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Tuesday, May 03, 2005

Punk is a Zeitgeist

Joey Ramone, originally uploaded by Theresa K.

Here's my old familiar photo of our beloved Joey Ramone from 1977. In the States, we are proud to say that The Ramones started this punk thing, for all intents and purposes. But in the same breath, I always say the New York Dolls were the harbingers of punk with their trashy garage treatment of rock n roll mixed with their fucked up application of the then-current glam look. And then there was the Malcolm McLaren factor.

Meanwhile, over in Brisbane, Australia - about 24 hours by jet plane, across the International Date Line - in this land far, far away, a couple of misfit teenagers had already been exploring an alternative to popular ways of playing rock n roll. The Saints, led by Chris Bailey and Ed Kuepper had recorded and released a total punk-ass single in September of 1976 - "I'm Stranded."

So awesome was their sound and that single that it had EMI Records executives scurrying to sign them. Yes, the label was not going to forget the mistakes made by labels in the 60s. EMI got lucky by signing the Beatles when their competitors dismissed Brian Epstein's offer. They would never forget that stroke of luck and they had quite an experience with the Sex Pistols who immortalized them in song. So, The Saints it was.

Somewhere in 1973, there must have been a music revolution gremlin who visited the NY Dolls and the Saints and said, "This current rock n roll has no balls. Kick out the jams, boys!" Because in 1973, even though the Saints weren't recording, they were exploring and gigging with that sound that would make them famous, coveted and eventually criticized. Little did their critics know that their sound pre-dated the Sex Pistols.

But it all goes to support what I've been saying for years: Punk is a Zeitgeist.

It was simply about time something different happened. I mean, Rod Stewart betrayed us with his Atlantic Crossing. Everyone else seemed to fall into the slow lane. British pub rockers like Nick Lowe set about making cool records and writing songs like "What's So Funny About Peace, Love and Understanding" that would become Elvis Costello's prescient signature tune for years. There was something bubbling under... in British pubs, in Australian high schools, in comfy California suburbs, in the never-ending winters of Minneapolis and Chicago, and in the industrial wasteland of America's rust belt - Buffalo, Cleveland, Akron, Pittsburgh. It was discontent. These kids were "unsatisfied," to quote Paul Westerberg. These kids didn't fit in and music was the way to communicate, identify themselves and perhaps break out of some abandoned post-industrial dystopia. I mean - Youngstown vs. Sheffield - they're both pretty bleak.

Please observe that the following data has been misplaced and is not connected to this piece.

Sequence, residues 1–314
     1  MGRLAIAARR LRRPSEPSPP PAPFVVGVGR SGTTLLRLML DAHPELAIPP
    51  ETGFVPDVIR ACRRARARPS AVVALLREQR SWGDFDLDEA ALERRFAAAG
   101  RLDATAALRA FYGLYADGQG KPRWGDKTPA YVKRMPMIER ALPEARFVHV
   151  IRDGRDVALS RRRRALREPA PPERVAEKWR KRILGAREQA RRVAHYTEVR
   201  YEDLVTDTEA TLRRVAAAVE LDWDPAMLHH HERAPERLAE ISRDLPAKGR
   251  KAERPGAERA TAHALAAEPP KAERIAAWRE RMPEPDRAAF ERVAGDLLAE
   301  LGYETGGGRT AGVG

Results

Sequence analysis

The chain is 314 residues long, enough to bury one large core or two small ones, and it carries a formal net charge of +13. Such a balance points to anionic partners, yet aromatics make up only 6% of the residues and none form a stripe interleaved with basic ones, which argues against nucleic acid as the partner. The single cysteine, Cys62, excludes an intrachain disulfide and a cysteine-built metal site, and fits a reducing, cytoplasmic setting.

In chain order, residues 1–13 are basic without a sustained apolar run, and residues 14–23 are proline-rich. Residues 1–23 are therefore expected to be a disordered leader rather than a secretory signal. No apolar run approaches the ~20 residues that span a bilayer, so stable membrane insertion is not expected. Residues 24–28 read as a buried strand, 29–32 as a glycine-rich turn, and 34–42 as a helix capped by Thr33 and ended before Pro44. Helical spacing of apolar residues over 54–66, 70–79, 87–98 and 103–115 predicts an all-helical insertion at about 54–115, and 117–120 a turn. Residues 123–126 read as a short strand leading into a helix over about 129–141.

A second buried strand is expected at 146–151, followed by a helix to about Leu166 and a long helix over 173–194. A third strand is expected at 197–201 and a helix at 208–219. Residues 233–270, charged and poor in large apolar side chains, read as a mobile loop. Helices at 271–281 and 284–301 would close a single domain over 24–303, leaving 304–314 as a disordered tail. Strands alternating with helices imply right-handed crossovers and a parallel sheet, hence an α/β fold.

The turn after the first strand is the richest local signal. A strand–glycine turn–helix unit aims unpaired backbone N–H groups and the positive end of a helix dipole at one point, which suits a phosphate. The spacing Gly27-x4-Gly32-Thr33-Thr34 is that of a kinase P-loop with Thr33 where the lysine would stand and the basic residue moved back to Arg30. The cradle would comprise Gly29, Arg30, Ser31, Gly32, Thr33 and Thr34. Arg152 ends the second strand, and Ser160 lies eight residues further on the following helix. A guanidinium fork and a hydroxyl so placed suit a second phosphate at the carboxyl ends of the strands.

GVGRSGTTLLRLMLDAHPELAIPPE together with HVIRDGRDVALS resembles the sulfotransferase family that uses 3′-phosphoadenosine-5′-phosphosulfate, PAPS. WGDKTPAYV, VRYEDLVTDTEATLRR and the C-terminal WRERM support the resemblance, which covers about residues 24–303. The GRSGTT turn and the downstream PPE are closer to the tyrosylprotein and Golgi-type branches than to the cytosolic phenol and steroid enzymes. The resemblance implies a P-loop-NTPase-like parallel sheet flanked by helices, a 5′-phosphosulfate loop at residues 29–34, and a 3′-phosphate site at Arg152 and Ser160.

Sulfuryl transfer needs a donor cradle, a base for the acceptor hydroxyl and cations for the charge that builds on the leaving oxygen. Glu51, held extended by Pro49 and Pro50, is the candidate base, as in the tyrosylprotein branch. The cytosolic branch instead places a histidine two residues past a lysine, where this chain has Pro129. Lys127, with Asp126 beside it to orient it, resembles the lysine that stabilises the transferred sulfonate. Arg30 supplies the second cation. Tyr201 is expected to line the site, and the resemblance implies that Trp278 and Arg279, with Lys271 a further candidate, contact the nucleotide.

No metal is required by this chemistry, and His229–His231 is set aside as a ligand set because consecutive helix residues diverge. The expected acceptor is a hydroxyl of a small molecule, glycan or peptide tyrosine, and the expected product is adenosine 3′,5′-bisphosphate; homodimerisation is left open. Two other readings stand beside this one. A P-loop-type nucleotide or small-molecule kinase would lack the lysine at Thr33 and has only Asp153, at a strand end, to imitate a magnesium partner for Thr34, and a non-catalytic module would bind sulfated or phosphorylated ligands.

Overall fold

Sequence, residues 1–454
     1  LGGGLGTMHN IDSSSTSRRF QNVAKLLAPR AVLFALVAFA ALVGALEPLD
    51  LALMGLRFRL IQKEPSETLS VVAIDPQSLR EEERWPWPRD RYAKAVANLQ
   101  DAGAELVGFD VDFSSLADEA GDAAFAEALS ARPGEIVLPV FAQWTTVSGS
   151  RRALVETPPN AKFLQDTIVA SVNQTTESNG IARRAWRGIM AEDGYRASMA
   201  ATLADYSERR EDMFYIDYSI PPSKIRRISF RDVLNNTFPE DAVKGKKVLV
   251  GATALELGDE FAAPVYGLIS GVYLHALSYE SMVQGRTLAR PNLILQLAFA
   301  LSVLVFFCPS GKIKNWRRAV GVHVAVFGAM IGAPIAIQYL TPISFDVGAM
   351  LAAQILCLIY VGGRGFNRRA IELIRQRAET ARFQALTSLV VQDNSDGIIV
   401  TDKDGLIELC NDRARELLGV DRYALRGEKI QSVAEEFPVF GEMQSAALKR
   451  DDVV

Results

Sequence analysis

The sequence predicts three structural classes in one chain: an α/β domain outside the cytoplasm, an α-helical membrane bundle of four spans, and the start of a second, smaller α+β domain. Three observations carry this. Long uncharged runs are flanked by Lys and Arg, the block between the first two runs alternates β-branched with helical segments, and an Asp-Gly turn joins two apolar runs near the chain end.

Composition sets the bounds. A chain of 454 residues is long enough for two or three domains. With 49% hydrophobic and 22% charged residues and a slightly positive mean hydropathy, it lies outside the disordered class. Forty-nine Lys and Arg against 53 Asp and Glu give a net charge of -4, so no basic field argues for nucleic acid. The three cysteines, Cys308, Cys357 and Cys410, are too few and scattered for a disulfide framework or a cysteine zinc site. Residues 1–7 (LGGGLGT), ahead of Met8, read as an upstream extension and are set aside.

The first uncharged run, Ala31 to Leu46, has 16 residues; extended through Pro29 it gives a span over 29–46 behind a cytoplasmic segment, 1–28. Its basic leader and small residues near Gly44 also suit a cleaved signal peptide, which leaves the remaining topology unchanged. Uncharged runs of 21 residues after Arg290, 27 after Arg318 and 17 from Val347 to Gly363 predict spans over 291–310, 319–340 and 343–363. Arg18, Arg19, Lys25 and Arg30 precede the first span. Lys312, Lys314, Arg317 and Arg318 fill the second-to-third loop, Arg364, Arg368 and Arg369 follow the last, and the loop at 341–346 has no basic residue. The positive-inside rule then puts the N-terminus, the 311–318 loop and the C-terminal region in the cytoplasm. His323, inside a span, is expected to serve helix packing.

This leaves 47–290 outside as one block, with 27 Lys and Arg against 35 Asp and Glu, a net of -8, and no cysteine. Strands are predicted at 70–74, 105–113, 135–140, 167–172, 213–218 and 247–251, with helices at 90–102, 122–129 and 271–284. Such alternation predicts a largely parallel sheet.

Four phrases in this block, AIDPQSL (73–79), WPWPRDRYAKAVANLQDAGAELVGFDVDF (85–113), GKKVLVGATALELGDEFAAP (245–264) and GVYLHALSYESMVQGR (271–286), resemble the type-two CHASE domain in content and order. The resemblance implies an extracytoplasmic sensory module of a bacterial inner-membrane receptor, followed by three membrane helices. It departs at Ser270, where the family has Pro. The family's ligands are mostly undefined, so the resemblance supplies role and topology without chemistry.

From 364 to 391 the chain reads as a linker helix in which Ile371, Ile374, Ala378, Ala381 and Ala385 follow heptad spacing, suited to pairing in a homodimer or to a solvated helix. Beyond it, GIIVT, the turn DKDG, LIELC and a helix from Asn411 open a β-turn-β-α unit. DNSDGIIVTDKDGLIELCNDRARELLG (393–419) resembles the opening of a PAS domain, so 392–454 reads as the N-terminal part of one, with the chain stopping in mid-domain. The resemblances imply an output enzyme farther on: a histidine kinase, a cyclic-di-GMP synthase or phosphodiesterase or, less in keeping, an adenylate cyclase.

Even Southern California, where I'm from, all sunny and bright, had its discontent. Our punks reacted to the conspicuous consumption of Beverly Hills, we deconstructed Hollywood glamour (check out the beautiful Alice Bag for example) and tried our best to embrace the honest to goodness cultural melting pot that was LA, in music, art, fashion and with tolerance and respect. At this point, I'm pleased to mention that Alice Bag has included an interview with me on her website! She has a section for Women in LA PUNK and I'm proud to be included in this fortnight's installment, joining a group of wonderful and often unsung women from the early scene. Read everyone's interview while you're there. You'll see that zeitgeist thing!

Right now, I am bringing up and hailing the Saints, from sunny Australia, because they're making a comeback. Chris Bailey has organized some great players, including my erstwhile friend Marty Willson-Piper, a guitarist of brilliance, taste, panache and a fiery temper. They've just done a jaunt through France, where they played on a bill with one of my favorite current groups who pay homage to the 70s - Detroit's Sirens.

They will appear on American shores soon... very soon. Watch this space.


Carl from El Lay said...

I always thought you looked familiar and now I know why. You are the girl at Island Records who tried to sign all those Australian bands - and you knew them all and everything about every song. A mystery is solved and the Saints are coming to the States! I am a happy happy camper. Are the HooDoo Gurus coming back anytime soon??

dickvandyke said...

Tremendous site.
Keep up the good work, and never mind the bollocks.

M.Ace said...

It's funny... I always feel a bit left out when people talk about the amazing impact of hearing The Ramones for the first time, as I was a little late to hear those guys. I suppose it was a matter of being a couple of years younger and in a small town, where things filtered through in randomized bits and pieces. However it happened, I'm pretty sure I heard The Dead Boys, The Voidoids and The Saints (and maybe more) before I ever heard The Ramones -- so when I did hear them, the impact was diminished. And to be honest, I can't actually remember the first time I did hear them -- though I can't really remember NOT having heard them either. Strange. Yet I heard "Anarchy In The UK" within a few months of its UK release. Go figure. But yes indeedy, the punk seed was blooming all over.

Someone I forgot to mention in that "favorite guitarists" thread, and must, is Bowie's right-hand man, Mick Ronson. He never really got his due in the 70s or now, even. Songs like "Queen Bitch" and "Suffragette City" were pure proto-punk guitar attacks. R.I.P., Mick.